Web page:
Cleaning inside oil lamps is quite a dirty job made worse if the wick is turned up too high, this creates smoke which soots up the glasses. I soon learnt clean glasses and a small flame gave a good light and less work cleaning next morning. In case any body is wondering how the lamps were put out at night and collected in the morning, we had a small dumper truck on the site, several lengths of two by two timber were placed across the dumper skip and the lamps hung on their hook handles down inside.  The dumper driver drove alongside the trench and I either picked up the lamps or put them down in the evening, they were all lit up at the shed and adjusted before loading.

The driver of the roller was not the same one who had been up on the airfield, this one was called Norman from Pewsey, a really friendly man and quite happy to answer questions from an inquisitive fifteen year old, his father Bill usually drove Daffodil. Every day as soon as I had all the lamps ready for the evening I would go down to where the roller was working, the trench was being back filled as the sewer was laid, the fill was rammed in layers up to road level and then Norman would run one of the back rolls along the centre of the trench and push it down even firmer, if any part went down to much it was topped up and Norman ran over it again. After a couple of days Norman said to me would I like to come up on the footplate, I could not believe my luck and was very soon up there, this was the first time I had been up on an engine, after a while he said “would you like to steer” of course I said “yes please”. I got on all right going forward, it was when we reversed I came to grief, I got to close to the edge and the roll chewed out some of the tarmac which had been cut out fairly straight  before the trench was dug. Norman said he had better take over again or he would get into a row if to much of the edge was damaged so I handed over to him and got off soon after to go and light the lamps. This had been one of those occasions in life that you never forget.

By the end of my week at Wilton the weather had warmed up enough for me to be sent back to Boscombe Down. Later that spring we started work on the Motor Transport Section down behind .“A” Squadron hangar just inside the perimeter fence. At this point I feel should mention the railway Amesbury had at that time, this was a branch line off the London and South Western railway at Grately through Amesbury, Bulford Village and on to Bulford Army Camp, this was the line which passed through Newton Tony where we have our annual steam up on the late August Bank holiday. Constructing the line included major engineering works with embankments varying from 10ft to 35ft and cuttings as deep as 38ft, I believe it was this cutting which ran past Boscombe Down not far outside of the perimeter fence where we were working. Every day about mid-afternoon a train would leave Amesbury station and come towards us, by the time it was opposite where we were it was only just moving the exhaust beats getting further apart, we used to say it was going to stall but as far as I know it never did, whether it was quite a steep climb up through the cutting, there was a heavy load on the trucks or the engine did not steam very well I never found out, we could not see the train because the cutting was to deep and we were to far from it.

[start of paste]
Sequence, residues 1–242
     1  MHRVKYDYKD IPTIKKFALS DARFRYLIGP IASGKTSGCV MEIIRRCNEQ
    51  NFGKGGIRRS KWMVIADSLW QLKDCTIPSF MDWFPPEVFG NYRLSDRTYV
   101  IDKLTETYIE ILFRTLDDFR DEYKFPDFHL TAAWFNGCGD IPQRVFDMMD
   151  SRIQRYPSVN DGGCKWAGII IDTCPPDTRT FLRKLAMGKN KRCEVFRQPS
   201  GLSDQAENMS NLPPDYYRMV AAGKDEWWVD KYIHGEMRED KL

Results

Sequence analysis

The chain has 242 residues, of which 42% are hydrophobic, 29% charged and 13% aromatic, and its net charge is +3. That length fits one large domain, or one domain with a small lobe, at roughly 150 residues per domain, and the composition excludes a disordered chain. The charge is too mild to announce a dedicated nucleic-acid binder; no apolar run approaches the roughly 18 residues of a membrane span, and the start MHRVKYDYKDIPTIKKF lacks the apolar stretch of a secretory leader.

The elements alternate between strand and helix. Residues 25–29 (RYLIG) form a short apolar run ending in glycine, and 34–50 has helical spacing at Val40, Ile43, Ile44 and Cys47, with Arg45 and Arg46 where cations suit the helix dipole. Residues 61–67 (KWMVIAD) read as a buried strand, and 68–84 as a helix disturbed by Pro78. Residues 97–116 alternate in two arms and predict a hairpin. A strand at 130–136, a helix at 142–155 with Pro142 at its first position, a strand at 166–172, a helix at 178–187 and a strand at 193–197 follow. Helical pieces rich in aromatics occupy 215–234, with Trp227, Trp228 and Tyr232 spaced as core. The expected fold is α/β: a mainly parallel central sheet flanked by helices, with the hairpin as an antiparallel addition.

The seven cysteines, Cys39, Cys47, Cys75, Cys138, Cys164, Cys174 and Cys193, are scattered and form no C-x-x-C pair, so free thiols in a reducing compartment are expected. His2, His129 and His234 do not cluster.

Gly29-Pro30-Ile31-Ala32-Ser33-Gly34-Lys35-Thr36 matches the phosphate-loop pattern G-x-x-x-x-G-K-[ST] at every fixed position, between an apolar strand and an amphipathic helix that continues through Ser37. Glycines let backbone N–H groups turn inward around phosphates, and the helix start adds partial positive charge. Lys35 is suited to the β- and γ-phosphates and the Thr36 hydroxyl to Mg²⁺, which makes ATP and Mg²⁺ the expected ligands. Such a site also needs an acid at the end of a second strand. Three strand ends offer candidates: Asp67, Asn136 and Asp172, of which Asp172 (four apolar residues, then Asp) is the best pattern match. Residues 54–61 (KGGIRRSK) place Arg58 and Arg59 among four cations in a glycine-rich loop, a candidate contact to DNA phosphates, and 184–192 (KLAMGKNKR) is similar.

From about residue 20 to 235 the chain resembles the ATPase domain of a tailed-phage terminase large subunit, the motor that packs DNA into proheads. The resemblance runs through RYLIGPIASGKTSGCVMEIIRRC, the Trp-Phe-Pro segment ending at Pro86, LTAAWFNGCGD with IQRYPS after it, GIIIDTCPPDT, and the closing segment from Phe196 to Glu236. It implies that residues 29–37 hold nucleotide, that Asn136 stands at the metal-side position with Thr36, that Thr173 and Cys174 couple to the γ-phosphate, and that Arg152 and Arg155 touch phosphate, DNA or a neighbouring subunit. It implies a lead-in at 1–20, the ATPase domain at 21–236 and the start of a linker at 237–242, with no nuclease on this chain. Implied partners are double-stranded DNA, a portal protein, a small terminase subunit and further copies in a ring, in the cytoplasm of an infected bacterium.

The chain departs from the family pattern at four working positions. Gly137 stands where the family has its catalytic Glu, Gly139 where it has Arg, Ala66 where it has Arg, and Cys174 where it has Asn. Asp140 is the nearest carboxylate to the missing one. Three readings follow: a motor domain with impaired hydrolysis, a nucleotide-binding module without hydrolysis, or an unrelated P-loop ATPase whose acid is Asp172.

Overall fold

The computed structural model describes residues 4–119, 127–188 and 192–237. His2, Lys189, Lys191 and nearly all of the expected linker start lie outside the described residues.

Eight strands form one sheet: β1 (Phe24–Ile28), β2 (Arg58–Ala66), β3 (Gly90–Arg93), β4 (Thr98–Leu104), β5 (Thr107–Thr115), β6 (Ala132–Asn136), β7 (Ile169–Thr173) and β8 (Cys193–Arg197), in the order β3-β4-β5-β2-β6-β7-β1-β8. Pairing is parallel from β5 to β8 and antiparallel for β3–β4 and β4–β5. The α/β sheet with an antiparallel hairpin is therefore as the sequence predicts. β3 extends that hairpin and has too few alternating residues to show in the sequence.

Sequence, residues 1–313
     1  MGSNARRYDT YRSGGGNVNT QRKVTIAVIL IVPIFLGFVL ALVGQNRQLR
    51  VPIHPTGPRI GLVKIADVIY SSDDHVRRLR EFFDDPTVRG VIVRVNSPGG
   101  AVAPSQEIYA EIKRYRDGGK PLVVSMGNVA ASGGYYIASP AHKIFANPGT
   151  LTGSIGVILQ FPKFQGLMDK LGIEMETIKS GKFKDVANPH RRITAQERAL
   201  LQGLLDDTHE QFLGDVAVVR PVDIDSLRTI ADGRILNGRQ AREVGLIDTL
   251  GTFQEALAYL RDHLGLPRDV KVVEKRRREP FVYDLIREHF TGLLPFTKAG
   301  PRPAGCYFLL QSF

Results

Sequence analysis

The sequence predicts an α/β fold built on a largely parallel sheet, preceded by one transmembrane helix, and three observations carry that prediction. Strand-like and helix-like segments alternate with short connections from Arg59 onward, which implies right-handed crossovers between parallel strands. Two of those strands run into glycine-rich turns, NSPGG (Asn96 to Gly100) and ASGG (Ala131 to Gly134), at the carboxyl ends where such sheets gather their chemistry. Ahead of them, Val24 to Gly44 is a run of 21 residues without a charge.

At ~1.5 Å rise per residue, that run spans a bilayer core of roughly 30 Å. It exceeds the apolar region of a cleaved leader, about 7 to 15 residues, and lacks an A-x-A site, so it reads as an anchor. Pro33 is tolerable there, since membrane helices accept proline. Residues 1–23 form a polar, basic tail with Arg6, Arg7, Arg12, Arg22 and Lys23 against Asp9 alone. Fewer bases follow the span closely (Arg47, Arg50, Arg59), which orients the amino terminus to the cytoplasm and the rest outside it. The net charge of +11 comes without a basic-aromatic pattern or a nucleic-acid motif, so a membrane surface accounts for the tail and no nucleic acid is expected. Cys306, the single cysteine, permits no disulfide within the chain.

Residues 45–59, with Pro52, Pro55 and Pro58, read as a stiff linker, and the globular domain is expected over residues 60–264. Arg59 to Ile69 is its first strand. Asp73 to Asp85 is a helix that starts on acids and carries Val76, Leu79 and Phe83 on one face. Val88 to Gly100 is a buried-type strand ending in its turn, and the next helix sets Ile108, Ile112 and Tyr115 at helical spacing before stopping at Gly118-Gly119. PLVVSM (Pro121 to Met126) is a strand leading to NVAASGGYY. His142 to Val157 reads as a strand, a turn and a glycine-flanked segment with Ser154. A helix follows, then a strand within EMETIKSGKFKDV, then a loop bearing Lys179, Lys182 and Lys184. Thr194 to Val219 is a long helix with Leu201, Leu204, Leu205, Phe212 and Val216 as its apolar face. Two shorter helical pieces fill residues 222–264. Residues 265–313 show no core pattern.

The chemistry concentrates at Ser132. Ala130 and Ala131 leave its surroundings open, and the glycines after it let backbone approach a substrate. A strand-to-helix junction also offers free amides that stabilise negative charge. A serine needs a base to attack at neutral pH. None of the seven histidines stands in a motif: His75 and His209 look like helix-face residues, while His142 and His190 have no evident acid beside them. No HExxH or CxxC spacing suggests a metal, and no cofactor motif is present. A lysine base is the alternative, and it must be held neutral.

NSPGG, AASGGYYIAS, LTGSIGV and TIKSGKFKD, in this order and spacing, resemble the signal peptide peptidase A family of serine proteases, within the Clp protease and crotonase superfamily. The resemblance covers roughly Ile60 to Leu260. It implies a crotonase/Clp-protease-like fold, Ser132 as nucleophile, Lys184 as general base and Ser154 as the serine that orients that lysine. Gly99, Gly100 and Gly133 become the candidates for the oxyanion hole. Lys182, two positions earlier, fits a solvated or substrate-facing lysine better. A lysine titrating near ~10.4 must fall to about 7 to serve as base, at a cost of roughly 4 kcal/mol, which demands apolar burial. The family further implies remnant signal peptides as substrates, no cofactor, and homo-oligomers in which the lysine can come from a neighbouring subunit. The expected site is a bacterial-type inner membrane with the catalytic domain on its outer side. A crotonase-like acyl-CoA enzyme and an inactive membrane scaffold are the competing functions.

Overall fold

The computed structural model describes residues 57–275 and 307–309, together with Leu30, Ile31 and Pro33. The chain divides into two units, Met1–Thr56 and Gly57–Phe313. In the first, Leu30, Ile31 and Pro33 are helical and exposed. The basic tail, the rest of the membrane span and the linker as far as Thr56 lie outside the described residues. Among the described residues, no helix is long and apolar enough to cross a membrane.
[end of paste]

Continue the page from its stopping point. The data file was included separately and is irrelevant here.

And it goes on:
By this time the line was only used for goods and there was only one train a day which went through to the camp about 9.00am and back during the afternoon, the line closed March 4th 1963 the tracks were lifted soon after and the cutting is now filled in.


What interested me more was the Aveling roller that was on the site rolling in the hard core for the garage floors and the large parking area out in front. The roller was Aveling and Porter 8 ton single cylinder, number 8832, new 1917 to Barnes Bros. of Southwick near Trowbridge it came to James and Crockerell via Mr. D Marder and is now in preservation, believed to be Berkshire. Any time I could slip away from where I should have been working I would go across to the roller and talk to Norman the driver, of course eventually I would be missed and get shouted at to come back.


Norman was a caring driver and kept his roller as clean as he could for a working engine, during the second week in May I noticed he was spending more time cleaning than usual when he was not rolling so I went over and asked why, he said we are taking the roller up to a steam rally at Andover on Saturday and would you like to come with us, this was something new to me, I had never been to a rally and had no idea what to expect but without hesitation I said yes please. He told me he would steam the engine early, the lorry driver Les would take the low loader up to Boscombe Down, load the roller and pick me up on the way back. I rode my bicycle up to Amesbury in plenty of time on Saturday left it at relatives and was waiting at the bottom of Antrobus Road when they came down the hill from the airfield with the roller hissing gently on the back. (to be continued.)



If you have any further ideas to add or would like to see in this newsletter please contact me or

Martyn Jones  (